There are some excellent automobile salespeople. Perhaps not as many as in other professions, but some very good ones ply their trade. Or perhaps, since the car-buying experience is one during which we expect to be yanked around from the start, a good automobile sales representative yanks us around intentionally to ensure that our expectations are met. (Okay, I realize this is a stretch, but I’m trying to give them the benefit of the doubt.)

I hate buying cars! I don’t like the game.

I had a sales representative at a car dealer once walk up to me and say, “She’s a real beauty, don’t you think? I can see you sittin’ high and proud in that baby. Wanna test drive her?”

“No, thanks,” I said. “I’ve driven one like her before. I know how she will handle.”

He responded, apparently not noticing I was making fun of his description of her, “Want a Coke?”

“No, thanks,” I said.

“We have a really big sale going on and our sales manager told us today to bring him any offer,” he pressed.

The car was about $30,000, and I wasn’t planning to spend more than $25,000. “No thanks,” I said. “She’s way out of my price range.”

He pushed some more. “Oh, come on, make an offer. The manager is desperate; it’s the end of the month. He said bring him any offer.”

I wondered if he could be shooting me straight. Perhaps folks like Oprah and Dr. Phil were actually having an impact on the conscience of mankind. As a result of their syndicated talk show work, perhaps real estate salespeople have replaced those 20-year-old pictures of themselves on their business cards with current ones. Perhaps information technology (IT) people have dropped that “What did you do to it?” attitude when something goes wrong with your computer. Perhaps car salespeople have lost their “yank- you- around” demeanor that makes us all crazy.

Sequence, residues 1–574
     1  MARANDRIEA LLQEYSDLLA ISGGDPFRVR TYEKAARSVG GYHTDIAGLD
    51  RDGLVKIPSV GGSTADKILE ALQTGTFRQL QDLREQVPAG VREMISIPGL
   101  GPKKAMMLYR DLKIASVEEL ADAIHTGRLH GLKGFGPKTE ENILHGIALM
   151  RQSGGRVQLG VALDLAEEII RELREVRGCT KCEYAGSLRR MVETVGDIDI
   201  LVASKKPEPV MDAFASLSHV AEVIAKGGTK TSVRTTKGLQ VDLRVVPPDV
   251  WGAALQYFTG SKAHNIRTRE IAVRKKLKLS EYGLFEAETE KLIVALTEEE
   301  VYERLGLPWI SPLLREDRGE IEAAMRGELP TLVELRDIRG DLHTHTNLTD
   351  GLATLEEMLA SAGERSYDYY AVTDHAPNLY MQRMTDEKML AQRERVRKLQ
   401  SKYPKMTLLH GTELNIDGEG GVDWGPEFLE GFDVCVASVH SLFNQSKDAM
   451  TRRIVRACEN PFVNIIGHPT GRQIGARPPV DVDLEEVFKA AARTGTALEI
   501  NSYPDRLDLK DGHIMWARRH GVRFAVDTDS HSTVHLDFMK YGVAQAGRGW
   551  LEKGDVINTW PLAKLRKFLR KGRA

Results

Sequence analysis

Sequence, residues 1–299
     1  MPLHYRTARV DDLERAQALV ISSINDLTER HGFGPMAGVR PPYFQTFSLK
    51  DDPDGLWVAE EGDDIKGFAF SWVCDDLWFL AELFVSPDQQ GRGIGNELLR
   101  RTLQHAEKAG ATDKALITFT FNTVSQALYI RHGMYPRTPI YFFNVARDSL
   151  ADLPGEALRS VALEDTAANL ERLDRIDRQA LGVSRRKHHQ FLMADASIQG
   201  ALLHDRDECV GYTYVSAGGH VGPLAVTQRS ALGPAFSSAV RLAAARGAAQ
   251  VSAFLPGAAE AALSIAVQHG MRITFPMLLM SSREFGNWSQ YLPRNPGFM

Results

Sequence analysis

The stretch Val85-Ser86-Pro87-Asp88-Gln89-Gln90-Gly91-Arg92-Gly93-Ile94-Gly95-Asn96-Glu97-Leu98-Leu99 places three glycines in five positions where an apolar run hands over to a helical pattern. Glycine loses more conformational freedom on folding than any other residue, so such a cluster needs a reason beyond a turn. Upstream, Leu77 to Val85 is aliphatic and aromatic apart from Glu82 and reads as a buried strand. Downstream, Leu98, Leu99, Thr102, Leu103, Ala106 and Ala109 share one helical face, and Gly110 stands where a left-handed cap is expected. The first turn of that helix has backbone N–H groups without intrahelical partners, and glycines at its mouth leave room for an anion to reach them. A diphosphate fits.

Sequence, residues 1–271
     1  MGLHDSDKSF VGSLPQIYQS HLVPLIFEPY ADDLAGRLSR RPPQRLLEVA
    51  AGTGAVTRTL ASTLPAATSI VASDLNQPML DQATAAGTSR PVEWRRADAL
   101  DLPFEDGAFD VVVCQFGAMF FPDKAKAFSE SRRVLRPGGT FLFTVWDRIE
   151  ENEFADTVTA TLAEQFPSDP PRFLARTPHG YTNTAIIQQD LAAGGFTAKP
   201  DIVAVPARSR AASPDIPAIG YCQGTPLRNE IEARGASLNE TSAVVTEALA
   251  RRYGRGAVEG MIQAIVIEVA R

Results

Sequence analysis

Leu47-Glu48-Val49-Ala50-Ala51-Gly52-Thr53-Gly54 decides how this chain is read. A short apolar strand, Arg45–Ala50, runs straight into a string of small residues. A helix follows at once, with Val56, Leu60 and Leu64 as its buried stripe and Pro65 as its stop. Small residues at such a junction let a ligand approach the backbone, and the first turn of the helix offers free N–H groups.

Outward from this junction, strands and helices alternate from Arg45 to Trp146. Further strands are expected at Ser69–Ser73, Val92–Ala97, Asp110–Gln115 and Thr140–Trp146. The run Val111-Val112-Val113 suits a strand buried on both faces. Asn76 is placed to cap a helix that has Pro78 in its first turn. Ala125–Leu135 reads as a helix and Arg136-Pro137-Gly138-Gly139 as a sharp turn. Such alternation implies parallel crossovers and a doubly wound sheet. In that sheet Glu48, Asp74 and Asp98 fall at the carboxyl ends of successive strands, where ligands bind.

Thinking maybe I could get a deal and that the boss was really desperate, I took the bait. “Okay,” I said. “How about $25,000?”

“Let’s write her up!” he said. “Can I get you a Coke?”

Everything was her to this guy. I sat patiently for 20 minutes while he wrote her up. Then he had me sign the offer and off he went to see the manager.

Ten minutes later he came back, sat down and said, “Well, the boss made a counteroffer.”

He handed me the offer I had signed for $25,000, which now had a counteroffer of $29,500 on it. Somehow, despite the fact that I was frustrated and had wasted 45 minutes of my time, he convinced me to make yet another counteroffer of $26,000. Off he went again. This time he was gone for another 10 minutes.

I’ve always believed that car salespeople take offers into a special room where they watch TV, play pool, tell jokes, smoke, drink and generally screw around for 10 to 15 minutes before returning to the customer with the counteroffer that in reality took seven seconds to obtain.

When he came back (I swear I saw him putting a TV remote in his pocket as he rounded the corner), he proudly boasted, “The boss came down again and we now have him on the run.” The counter-counter-counteroffer was $29,250.

I left.

A month later, at an AT&T annual sales recognition event, I cornered one of the top salespeople being honored. During our conversation about why he was one of the best he said, “Customers aren’t buying a product; they’re buying how they want to feel. And they’re buying based on their experience and my understanding of how they want to feel.

Thinking back to the car salesperson, I remember feeling yanked around and misled. Most of all I felt like this salesperson was acting in his best interest alone and had no respect for me or my time. No wonder I didn’t buy any “feelings” that day!